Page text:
Working With EU Immigrants
Posted on January 18, 2019
One of the great debates surrounding our departure from the EU has been immigration. Since 2016, I have, like many people, had to study the workings of sovereign and EU law to try to understand how it affects us (not much). I can, however, claim to be something of an expert on EU immigration.
How 2004 Changed EU Employment
This is because since I started as an independent recruiter in 1997, I have had to deal with changes in the contract employment sector regarding immigrants. You must be bang on the case with these things or you will be fined heavily. This became particularly noticeable to me in May 2004, when the Czech Republic, Hungary, Latvia, Lithuania, Poland, Slovenia and Slovakia joined the EU.
This was because there was quite a large movement of people in the construction industry boom that we now know, was a false boom driven by unregulated lending. At that time, the Irish boom known as the ‘Celtic Tiger’ was sucking up labour from Britain’s major cities. The construction industry filled the void with EU Labour.
Laws to Control Numbers
Laws were put in place to allow successful countries to control EU movement and avoid these alleged ‘swarms’ that Nigel Farage and Katie Hopkins prattle on about. These included being financially viable either by work, savings or pension. If that could not be proved within 12 weeks, the individual could be removed from the EU country they were residing in.
What may be apparent in some areas of the country, is that the law has not been implemented very well. I do not know why? It may be a lack of resources to do so because of austerity, an unwillingness to do so, or simply that there is no real need to do so. There will of course be fabricated stories in the media about a bloke from Bungaslavia who has 50 kids, claims ten grand a week in benefits, gets given free fags and vodka and only came here because he wanted a transplant with a BRITISH heart.
What I am saying is that there may well not be a problem with Eu immigration at all? What I do know, is that if the will is there, there are stringent laws in place to control EU immigration into the UK.
What Does EU Immigration Cost?
With regards to employment of EU immigrants and the cost to our infrastructure, there are some very interesting figures. Successive governments have actively encouraged immigrant workers to come to the UK.
Why is this?
Well, I can only speak for my industry but there are some stand out facts. Firstly, the men (and occasionally women) who have come to work for companies I supply, have come to earn and earn fast. This means they work long hours, earn big (often £1k a week +) stay for a couple of years and go home to build a big house and marry a goddess from the outskirts of Riga Bay or Tallinn.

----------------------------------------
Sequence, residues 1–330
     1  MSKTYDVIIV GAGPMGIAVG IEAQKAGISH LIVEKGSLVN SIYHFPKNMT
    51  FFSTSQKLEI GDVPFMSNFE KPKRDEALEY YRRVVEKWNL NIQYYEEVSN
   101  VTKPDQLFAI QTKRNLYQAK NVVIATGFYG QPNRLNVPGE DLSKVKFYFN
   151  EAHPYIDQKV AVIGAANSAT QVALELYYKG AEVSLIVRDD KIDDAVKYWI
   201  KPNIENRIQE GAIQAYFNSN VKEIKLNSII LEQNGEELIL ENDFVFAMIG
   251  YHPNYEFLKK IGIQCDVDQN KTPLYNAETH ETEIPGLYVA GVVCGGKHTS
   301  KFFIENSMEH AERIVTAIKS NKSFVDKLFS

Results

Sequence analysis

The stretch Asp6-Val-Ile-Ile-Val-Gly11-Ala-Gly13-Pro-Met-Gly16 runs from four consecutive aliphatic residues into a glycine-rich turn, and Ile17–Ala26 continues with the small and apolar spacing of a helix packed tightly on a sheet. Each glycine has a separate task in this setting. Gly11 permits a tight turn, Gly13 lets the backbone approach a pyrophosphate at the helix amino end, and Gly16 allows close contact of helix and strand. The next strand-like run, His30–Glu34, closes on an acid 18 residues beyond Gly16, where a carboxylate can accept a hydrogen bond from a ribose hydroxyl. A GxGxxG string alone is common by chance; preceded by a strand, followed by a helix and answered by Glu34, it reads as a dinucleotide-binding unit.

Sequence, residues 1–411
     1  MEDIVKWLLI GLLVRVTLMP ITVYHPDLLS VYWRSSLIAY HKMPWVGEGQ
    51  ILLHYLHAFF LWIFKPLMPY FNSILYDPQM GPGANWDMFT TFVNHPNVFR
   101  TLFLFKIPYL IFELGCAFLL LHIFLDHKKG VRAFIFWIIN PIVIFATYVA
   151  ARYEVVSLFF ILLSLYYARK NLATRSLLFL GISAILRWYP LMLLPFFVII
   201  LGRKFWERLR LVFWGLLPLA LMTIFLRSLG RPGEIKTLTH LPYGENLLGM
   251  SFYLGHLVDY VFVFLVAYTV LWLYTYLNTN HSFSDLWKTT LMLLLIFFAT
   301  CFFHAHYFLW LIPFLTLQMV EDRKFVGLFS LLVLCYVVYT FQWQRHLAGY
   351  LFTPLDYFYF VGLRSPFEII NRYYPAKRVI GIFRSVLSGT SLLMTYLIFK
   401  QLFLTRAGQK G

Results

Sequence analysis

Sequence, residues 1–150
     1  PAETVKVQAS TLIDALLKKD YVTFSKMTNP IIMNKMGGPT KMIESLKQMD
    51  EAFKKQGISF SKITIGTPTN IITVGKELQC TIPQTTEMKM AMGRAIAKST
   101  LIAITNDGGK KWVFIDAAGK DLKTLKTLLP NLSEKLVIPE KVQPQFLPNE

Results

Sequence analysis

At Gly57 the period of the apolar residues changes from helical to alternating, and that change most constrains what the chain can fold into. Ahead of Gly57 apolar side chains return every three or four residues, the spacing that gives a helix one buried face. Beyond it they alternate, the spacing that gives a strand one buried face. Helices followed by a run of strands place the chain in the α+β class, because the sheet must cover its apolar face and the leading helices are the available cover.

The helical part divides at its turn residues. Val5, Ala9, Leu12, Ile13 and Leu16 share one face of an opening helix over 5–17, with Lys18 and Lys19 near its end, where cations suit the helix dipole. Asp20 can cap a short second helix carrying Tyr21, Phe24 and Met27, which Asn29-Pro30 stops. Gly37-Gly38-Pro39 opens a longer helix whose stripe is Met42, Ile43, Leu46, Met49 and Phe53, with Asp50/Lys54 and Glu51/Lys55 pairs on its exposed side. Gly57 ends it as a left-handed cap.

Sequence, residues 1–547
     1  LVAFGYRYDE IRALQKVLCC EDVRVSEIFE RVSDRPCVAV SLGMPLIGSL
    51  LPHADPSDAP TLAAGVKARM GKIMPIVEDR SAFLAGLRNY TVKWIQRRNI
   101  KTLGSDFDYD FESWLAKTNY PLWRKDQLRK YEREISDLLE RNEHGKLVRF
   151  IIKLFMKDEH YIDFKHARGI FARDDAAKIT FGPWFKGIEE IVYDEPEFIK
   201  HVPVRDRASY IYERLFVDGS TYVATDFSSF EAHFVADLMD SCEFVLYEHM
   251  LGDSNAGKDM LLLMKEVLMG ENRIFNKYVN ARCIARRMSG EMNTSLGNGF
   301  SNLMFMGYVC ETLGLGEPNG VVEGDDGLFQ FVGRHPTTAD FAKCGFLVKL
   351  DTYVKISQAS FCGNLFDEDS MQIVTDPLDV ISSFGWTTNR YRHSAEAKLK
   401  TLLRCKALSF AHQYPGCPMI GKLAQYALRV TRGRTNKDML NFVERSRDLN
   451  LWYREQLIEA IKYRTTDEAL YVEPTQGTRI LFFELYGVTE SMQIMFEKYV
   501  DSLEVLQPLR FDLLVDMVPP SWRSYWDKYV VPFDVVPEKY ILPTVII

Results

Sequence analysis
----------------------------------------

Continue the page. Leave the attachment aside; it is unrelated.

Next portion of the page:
During say, a two-year period, they will pay around £20k in UK tax, rarely claim rebates, barely touch public services (because they are young and healthy) then go home. It is little wonder the UK government privately like them, whilst outwardly claiming they want to control them.
What I find sad, is that the government haven’t invested this cash bonanza back into infrastructure. Therefore, people who made a net profit contribution of around £20 billion in a decade, are getting the blame for coming over here and paying more taxes than most. That’s a crying shame, I think.
So, not having the infrastructure to cope with more people, or the procedures in place to stop people outstaying their welcome, is no one’s fault but the government’s. The laws on EU immigration are there in black and white.
From the Horse’s Mouth
To finish, I had a conversation with one of the project managers I employ, earlier today. Last year, he oversaw a project at The Old Vinyl Factory (the EMI building) in Hayes. He is English, well, second generation Southern Irish actually, so a kind of EU immigrant.
We had the immigration discussion everyone says you are not allowed to have, and he said that it was pitiful on a job featuring around 50 trades staff, the ones who messed him around with time keeping the most, were British. He didn’t mean British workers are bad, but the few bad apples he had, were nearly always British. Whose fault is that? Jean Claude Juncker’s?
So, for those of you who have heard the parrot phrase, ‘You can’t talk about immigration through fear of upsetting the PC brigade’, there you go, I’ve just had one with you. For those of you who think we have no control over EU immigrants, I’m sorry to disappoint you, but it’s not just true.
The laws are there for all to see.